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With OneReach AI, If You Can Think It, You Can Most Probably Do It

Are we seeing the emergence of a Conversational AI orchestration engine and marketplace, a Twilio of Language Technology?

Cobus Greyling
5 min readJul 26, 2022



I again had the privilege to sit down with Robb Wilson and Jordan Ratner for over an hour to talk about what Conversational AI should be and to what extent human langauge is involved.

I often have these conversations with founders regarding their product and platform. What made my conversation with Robb and Jordan different from other conversations, was that to a large degree the platform called OneReach AI drifted into the background. They where more interested in talking about the experience and level of functionality customers and makers deserve.

Naval often talks about escaping competition through authenticity, I think the first seed regarding this notion of being authentic was planted by Peter Thiel. Is the approach of OneReach AI to act as an aggregator and orchestrator to establish highly contextual and sequenced user experiences, a way of escaping the competition?

I have argued before that OneReach AI is not a chatbot / voicebot development framework, as defined in the generalised image below.

OneReach AI can best be described as an orchestration engine acting as a single front-door for customers and not as a Conversational AI framework per se.

For instance, the OneReach AI design canvas is not a conversation flow designer, or flow node manager. It is an orchestration canvas, where multiple processes can be kicked off and managed in parallel. Micro-bots can be orchestrated for multidimensional customer service.

Why have all the chatbots gone back to live in IVR-land?

~ Robb Wilson

The OneReach AI Approach

A few key considerations regarding OneReach AI

  • OneReach AI endeavours to move away from a centralised logic engine, towards a more event driven approach.
  • Does user interactions always have to revolve around language? What about interactions where no conversations are involved?
  • Why does a select group of people in an organisation have the privilege to create conversations and flows?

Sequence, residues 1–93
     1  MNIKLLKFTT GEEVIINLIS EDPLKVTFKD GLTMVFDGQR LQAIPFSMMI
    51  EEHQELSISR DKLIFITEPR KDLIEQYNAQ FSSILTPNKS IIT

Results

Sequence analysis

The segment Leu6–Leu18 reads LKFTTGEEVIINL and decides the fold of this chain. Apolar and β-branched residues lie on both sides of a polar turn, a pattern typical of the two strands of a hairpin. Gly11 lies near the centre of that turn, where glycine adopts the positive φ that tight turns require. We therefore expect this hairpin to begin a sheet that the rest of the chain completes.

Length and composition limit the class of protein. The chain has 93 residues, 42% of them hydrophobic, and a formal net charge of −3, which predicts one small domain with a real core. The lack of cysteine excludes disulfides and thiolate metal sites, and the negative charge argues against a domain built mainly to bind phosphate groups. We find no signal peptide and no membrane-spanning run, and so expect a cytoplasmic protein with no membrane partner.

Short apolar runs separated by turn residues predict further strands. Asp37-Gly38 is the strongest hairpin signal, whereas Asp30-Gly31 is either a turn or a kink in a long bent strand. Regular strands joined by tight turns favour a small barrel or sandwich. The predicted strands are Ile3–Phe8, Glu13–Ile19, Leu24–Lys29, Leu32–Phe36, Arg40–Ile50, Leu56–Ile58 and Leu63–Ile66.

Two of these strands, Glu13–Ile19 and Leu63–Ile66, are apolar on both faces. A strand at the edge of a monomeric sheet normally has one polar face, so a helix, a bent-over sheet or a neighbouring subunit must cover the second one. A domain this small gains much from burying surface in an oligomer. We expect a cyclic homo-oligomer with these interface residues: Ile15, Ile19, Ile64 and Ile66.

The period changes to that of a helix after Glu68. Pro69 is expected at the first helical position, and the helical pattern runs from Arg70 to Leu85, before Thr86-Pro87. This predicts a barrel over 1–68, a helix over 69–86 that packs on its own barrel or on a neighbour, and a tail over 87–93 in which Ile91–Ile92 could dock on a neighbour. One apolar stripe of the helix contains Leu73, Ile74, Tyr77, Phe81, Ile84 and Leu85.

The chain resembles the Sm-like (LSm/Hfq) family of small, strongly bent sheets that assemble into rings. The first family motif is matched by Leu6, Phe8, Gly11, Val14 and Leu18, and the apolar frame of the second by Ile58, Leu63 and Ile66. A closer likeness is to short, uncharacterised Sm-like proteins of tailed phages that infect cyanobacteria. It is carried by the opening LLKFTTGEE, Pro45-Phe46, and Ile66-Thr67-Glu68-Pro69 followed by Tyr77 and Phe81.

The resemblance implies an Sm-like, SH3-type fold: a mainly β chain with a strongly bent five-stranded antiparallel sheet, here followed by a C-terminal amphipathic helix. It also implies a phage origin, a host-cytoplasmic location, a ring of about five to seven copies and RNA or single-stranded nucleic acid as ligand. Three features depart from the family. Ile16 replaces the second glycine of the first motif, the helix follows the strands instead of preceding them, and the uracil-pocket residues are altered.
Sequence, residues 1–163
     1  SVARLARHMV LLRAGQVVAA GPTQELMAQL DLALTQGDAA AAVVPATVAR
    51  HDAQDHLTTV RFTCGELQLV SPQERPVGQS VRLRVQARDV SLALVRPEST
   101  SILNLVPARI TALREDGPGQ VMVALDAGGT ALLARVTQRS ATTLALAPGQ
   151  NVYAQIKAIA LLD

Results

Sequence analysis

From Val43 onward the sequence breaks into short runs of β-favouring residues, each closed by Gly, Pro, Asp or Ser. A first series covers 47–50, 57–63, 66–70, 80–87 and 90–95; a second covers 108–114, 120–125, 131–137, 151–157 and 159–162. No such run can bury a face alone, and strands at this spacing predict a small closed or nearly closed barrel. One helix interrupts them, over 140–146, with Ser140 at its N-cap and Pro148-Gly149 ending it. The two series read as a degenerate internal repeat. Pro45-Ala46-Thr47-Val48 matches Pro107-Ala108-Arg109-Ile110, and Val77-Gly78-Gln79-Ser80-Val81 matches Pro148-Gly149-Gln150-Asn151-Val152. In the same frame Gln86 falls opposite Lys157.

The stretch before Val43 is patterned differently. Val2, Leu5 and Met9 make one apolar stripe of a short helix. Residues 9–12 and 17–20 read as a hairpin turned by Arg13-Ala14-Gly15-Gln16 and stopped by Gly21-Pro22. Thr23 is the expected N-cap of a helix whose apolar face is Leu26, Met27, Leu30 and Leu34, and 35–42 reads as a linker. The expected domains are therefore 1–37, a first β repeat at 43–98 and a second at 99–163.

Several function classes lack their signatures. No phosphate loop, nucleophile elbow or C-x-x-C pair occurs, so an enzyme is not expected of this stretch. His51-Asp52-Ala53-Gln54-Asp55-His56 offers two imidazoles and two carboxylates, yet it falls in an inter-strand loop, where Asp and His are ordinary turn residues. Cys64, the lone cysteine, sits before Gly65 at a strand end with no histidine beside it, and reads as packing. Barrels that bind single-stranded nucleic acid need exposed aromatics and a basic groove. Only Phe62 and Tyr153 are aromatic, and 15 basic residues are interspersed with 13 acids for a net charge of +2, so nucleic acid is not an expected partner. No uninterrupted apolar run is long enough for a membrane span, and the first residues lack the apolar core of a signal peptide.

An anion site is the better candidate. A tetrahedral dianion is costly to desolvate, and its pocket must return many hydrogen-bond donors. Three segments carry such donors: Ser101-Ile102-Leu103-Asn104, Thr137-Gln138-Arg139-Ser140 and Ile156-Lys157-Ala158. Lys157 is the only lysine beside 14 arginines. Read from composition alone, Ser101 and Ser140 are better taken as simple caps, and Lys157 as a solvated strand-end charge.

• Why can’t employees develop user experience sequences and submit their skills?
  • Should a decentralised bot building approach not be followed?
  • Data, information and procedures are used across an organisation, should skills not be created at each of those points, by the people who know best?

A sequenced flow of user interactions do not necessarily have to include human langauge.

~ Robb Wilson

  • The goal of OneReach AI is to create highly contextual, multi-turn experiences and interactions.
  • Conversations are not just language…a customer interaction can be a contextual, time-sequenced flow of events.

Gartner Research found that 42% of companies think their biggest challenge in adopting AI is not understanding the use cases.

~ Gartner

Patterns & Templates Patterns & Templates

Back to the idea of aggregation and users having access to a library of functionality. According to OneReach AI there are “tons” of patterns and templates, with more being added on a continuous basis.

Characteristics of patterns and templates are:

  • A lot of problems have already been solved.
  • These can be seen as tools you need to create solutions without reinventing the wheel.
  • Patterns and templates incorporate best practices to create predesigned steps, skills, flows, views and cards.
  • Specific steps all the way through to full solutions that you can add to your applications.

Why do you have to choose a specific vendor, why not choose them all?

~ Robb Wilson

Again, these tools go back to the idea of a decentralised bot building process, knowledge and data are disparate and are managed in different areas of the organisation.

Why can’t people in the organisation build their own interfaces, the ones who know the data and customer needs. Employees should be able to create a sequenced flow or functions which they can combine in a skill.

And subsequently submit skills and contribute to the bot with granular decision making. In turn these skills need to be orchestrated into a unified conversational interface.


The key consideration with OneReach AI will most probably be cost, and to what extent OneReach AI consultancy will have to be made use of.

Another consideration is the cost incurred from third party products accessed via OneReach AI. For instance, all the external services accessed and orchestrated from OneReach AI are costs above and beyond the cost making use of OneReach AI.



Cobus Greyling

I explore and write about all things at the intersection of AI & language; LLMs/NLP/NLU, Chat/Voicebots, CCAI.